In this issue - #156 February 29, 2012

  1. Monthly Lawyer Profile - Ashleigh Baylis 
  2. Settling Your Family Law Dispute Outside Court 
  3. Is ICBC Watching Me? 
  4. Medical Malpractice 101, The Top 7 Things You Need To Know About BC Medical Malpractice Cases - #1 
  5. Elder Abuse 
  6. Tough Economic Times -- What Can An Employer Do? 
  7. Low Velocity Accidents And Injury Compensation 
  8. The Case For A New Wrongful Death Act In BC 
  9. Tight Timelines In Tax Litigation 
  10. Take Your Notice And Shove It 
  11. BC Government Introduces Bill To End Teacher Strike; The Education Improvement Act 
  12. In The Community – Pushor Mitchell Apple Triathlon Voted Western Canada’s #1 Triathlon 
  13. Interesting Transactions – From Our Business Law Group 
  14. Ask A Lawyer - Question: I Haven’t Seen Or Spoken To My Son In Almost Two Years. Can I Exclude Him From My Will? 
  15. Legal Lite – Mr. Guilty 

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1. Monthly Lawyer Profile - Ashleigh Baylis

If you weren’t a lawyer, what profession would you like to attempt?

If I wasn’t a lawyer, I would want to work with animals in some capacity, probably with a rescue organization.  I have a huge soft spot for animals, probably too much so.  I definitely could not be a trainer though, as those who know me know that my two cats and new dog are the bosses in my house and have my husband and I wrapped around their little paws.

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2. Settling Your Family Law Dispute Outside Court

Despite the fact that the divorce rate in Canada hovers between 40% and 45%, most family law disputes settle outside of the court system. While only the Supreme Court of British Columbia can grant a divorce Order, the remaining issues that couples must deal with on marriage breakdown - custody, child support, spousal support, division of assets – can all be resolved outside of the court system.

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3. Is ICBC Watching Me? - by Keri Grenier

ICBC has recently demonstrated that biometrics is no longer just for Hollywood types like James Bond or Mission Impossible’ s, Ethan Hunt.  On February 16, 2012, the Office of the Information and Privacy Commissioner for British Columbia issued a 42 page report and press release regarding ICBC’s use of facial recognition technology.  Interestingly, the use of facial recognition technology by ICBC came to the Privacy Commissioner’s attention because ICBC offered to assist the Vancouver Police in identification of the criminal suspects in the 2011 Stanley Cup riots by matching photos and video footage of the rioters with ICBC’s database, which according the report has 4.4 million templates (a template is created for each photo input into the system).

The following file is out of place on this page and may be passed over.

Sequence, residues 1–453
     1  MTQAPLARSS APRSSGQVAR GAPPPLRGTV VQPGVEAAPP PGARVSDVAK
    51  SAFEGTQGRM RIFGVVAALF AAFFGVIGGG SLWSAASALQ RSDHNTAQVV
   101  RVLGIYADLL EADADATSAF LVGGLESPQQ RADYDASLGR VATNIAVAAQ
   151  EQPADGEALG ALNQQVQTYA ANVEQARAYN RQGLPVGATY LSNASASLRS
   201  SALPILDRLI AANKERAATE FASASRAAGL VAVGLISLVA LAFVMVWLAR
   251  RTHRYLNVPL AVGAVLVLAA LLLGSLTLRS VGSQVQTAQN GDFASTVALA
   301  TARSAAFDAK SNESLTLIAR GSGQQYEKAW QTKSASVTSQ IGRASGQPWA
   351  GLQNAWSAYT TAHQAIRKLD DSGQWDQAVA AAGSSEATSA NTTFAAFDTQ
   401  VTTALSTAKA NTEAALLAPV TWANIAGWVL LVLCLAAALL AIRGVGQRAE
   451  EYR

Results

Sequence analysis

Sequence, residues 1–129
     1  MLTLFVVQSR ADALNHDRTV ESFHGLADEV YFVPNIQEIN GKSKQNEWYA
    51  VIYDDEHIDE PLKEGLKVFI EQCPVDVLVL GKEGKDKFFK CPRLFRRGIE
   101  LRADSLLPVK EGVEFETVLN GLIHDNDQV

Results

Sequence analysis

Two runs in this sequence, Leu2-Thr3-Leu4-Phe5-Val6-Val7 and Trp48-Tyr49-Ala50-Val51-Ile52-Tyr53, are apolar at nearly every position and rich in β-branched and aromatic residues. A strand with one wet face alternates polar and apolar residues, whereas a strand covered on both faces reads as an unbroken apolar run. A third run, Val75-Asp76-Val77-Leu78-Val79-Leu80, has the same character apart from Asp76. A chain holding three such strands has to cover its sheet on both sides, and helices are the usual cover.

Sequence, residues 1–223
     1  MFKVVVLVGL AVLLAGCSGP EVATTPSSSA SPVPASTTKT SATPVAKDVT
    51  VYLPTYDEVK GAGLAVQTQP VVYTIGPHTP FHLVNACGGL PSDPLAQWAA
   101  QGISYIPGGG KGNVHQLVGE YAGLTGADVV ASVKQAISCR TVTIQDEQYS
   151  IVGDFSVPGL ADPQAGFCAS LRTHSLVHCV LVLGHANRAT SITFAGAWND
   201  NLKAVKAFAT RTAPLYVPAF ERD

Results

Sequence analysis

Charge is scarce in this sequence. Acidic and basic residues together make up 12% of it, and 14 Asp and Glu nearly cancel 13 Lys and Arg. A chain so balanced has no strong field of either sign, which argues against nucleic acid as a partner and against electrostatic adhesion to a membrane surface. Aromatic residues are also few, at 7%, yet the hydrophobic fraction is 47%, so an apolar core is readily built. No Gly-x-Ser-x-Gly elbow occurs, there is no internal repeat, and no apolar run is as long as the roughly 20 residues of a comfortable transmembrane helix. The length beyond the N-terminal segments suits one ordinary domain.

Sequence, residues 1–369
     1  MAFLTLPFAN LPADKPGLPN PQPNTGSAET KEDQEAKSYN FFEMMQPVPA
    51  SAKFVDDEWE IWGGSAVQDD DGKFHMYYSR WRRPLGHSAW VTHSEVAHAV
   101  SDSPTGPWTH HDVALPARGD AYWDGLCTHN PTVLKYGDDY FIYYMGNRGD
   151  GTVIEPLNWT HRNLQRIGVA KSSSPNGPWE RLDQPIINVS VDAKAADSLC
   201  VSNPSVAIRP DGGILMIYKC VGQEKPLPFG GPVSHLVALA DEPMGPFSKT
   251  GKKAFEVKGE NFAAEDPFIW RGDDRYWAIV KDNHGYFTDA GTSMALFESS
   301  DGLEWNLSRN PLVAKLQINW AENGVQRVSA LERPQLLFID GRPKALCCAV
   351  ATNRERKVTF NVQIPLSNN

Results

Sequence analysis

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4. Medical Malpractice 101, The Top 7 Things You Need To Know About BC Medical Malpractice Cases - #1 - by Paul Mitchell, Q.C.

Medical malpractice cases are very complex.

This series of articles by BC personal injury and BC medical malpractice lawyer Paul Mitchell, Q.C., will explain the Top 7 things you need to know about  medical malpractice cases, including when a medical malpractice case should be commenced, the legal and medical issues involved, and why they are so hard to win.

Find out what is involved in these difficult cases.

#1 Quantifying Damages in Medical Malpractice Cases

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5. Elder Abuse - by Vanessa DeDominicis

Unfortunately, elder abuse occurs every day in BC. As many as one in two seniors in BC is abused. It is difficult to know when adults are being abused or neglected and often even harder to know exactly if or when to step in. Elder abuse can take many forms, both financial and non-financial. We often assume that adults can take care of themselves, but this may not always be true.